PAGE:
But I can say right now the “struct construct {};” is meant to work with all types of constructors, including those with and without a constexpr constructor. That’s why it needs to become a qualifier so that operator () can be overloaded properly.

The goal is to keep the constexpr qualifier as long as possible given the case the arbitrary class uses a constexpr constructor, this way the code will be more efficient...

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**Phil Bouchard**

Founder

C.: (819) 328-4743

Founder

C.: (819) 328-4743

On Thu, Oct 3, 2019 at 12:26 AM Phil Bouchard <phil@fornux.com> wrote:Verdict?

Phil, you should pause and try to come up with a motivating example for the feature you claim to want.Once you have a motivating example, the next step would be to look at what would be the best way to solve it. Maybe there's even a better way than what you originally proposed as a feature!That is, start with a problem, and then propose a solution for the problem. If (by thinking) you end up realizing that you don't have a problem after all, that's actually agoodthing.You do need toabout your examples. Here's your latest one:slow down and thinktemplate <typename T>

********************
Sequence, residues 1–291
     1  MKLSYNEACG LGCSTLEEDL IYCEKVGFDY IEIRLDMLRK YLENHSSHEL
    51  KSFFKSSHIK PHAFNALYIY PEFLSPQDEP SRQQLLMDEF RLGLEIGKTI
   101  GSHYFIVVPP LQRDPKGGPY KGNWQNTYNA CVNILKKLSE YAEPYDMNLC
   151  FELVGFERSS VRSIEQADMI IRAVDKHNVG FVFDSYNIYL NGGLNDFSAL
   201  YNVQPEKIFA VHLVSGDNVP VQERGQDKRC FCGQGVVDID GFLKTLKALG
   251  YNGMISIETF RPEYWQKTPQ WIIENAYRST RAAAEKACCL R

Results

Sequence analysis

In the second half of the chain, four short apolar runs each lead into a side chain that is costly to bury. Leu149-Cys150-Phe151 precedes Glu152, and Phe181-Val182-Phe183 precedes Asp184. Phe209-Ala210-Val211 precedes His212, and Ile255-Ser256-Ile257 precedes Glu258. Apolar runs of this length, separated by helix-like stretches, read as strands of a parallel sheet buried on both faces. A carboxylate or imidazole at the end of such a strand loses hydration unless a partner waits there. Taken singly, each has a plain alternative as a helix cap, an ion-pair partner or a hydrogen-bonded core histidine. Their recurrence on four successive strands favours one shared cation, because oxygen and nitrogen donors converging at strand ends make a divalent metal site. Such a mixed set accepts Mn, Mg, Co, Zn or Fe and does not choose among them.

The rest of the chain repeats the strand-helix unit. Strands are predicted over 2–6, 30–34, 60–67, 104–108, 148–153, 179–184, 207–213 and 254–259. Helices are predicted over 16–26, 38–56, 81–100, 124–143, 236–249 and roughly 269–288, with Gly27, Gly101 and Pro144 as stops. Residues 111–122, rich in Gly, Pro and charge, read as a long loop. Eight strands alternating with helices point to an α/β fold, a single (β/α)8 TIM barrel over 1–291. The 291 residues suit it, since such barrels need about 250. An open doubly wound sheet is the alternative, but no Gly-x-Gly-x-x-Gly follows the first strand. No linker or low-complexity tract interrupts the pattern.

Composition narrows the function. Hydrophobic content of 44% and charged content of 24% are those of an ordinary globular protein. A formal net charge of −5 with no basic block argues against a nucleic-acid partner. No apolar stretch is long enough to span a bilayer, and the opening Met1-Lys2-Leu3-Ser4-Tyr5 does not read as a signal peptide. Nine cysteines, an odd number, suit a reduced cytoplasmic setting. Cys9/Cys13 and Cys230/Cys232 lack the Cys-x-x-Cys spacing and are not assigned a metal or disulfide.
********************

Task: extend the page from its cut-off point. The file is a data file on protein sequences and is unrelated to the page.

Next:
struct construct

{

T operator () (node_proxy &, T && t) { return T(t); } // will lose constexpr

};And here's the perfectly valid C++11 code that solves your stated problem:

template <typename T>

struct construct

{

constexprT operator () (node_proxy &, T && t) { return T(t); } // no longer loses constexpr

};See also: http://sscce.org–Arthur